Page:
St James' Studio, London
For one night only, Daniel Donskoy with Inga Davis-Rutter created an evocative evening of cabaret, which if not quite as global as the title suggests, offered a bouillabaisse (or should that be tzimmes?) of Continental songs from the 1930s that spoke of humour, love and culture as well as Europe’s more troubled times.
Only in his mid-20s Donskoy truly is a child of Europe. He’s grown up in several countries and boasts a multi-lingual magnetism that is as attractive as his voice is smooth. The first half sees him commanding the stage and whirling the audience through some of the bitter-sweet gems of the German and Yiddish songbooks. If a number of the songs will not have been familiar to the audience - it didn't really matter. Donskoy offered a warm and informative patter that seamlessly linked the numbers. His take on A Yiddishe Mame hit the sweetest of spots with his audience, while Bei Mir Bistu Shein that was to prove a multi-million dollar smash hit for the Andrews Sisters, was here stripped back to its origins. Donskoy’s Papirossen however, a lament from the Polish ghettos, marked a brief yet appropriate reference to the hellish devastation that the last century wreaked upon European Jewry.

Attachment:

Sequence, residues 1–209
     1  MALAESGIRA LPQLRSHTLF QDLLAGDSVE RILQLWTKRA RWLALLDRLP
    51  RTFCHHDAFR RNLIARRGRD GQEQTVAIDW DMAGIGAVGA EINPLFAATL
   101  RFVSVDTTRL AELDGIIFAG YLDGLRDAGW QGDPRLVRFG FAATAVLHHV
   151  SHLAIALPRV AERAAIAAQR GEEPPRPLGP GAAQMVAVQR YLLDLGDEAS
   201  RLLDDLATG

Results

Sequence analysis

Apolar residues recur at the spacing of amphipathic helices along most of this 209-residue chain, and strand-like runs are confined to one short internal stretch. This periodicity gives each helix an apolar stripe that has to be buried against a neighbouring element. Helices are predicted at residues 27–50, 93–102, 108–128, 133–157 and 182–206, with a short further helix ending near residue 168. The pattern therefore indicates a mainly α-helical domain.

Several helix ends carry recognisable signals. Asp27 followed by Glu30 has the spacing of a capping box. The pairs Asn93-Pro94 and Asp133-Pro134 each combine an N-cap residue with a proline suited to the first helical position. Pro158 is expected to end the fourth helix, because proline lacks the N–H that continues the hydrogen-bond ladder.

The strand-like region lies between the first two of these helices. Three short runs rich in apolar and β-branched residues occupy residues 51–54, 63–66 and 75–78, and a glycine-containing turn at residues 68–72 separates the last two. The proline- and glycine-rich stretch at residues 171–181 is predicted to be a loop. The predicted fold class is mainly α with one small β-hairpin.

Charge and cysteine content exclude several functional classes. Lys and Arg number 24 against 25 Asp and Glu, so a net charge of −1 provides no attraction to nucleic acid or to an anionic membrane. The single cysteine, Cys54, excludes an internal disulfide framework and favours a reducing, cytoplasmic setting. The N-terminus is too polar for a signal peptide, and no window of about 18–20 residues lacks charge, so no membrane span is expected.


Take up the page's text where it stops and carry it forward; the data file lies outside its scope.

As the silver tongued Donskoy danced through the linguistics, I was reminded of Joel Grey's chameleon-esque Emcee in Bob Fosse's movie Cabaret, singing Wilkommen in its three different languages. No sinister undertones here mind, nor of course the sleaze of pre-war Berlin in the dapper St James’, but rather an outstanding mastery of multi-lingual nuance that is not often heard.
The show dropped a gear after the break. Jackie Marks came on to sing La Vie En Rose. Sung well, Piaf’s songs can reduce grown men to tears. Notwithstanding Marks' all powerful belt and presence, her take on the number's English translation (which itself lacks so much of the French original's je ne sais quoi) made it all seem just a tad more Dorien than Diva. Donskoy then sang Piaf's Hymne À L'amour, a tall order for even an accomplished male singer and didn't quite hit the mark. As the gig evolves, its French Quarter needs work.
But this was an evening of musical diadems and fascinating facts. Who knew that Mary Hopkins' Those Were The Days had stolen its melody from the Russian folk song Dorogoi Dlinnoyu?
Davis-Rutter was a delight on the keys. Accompanied by bass and drums (perhaps a clarinet too, next time?) she partnered Donskoy and Marks perfectly, giving a spectacularly Spanish infused piano solo just before the interval.
With the intimate Studio packed for the gig, Donskoy and Davis-Rutter make a fabulous team. A Song Goes Round The World is an imaginative addition to London's cabaret scene and is well worth catching on its return.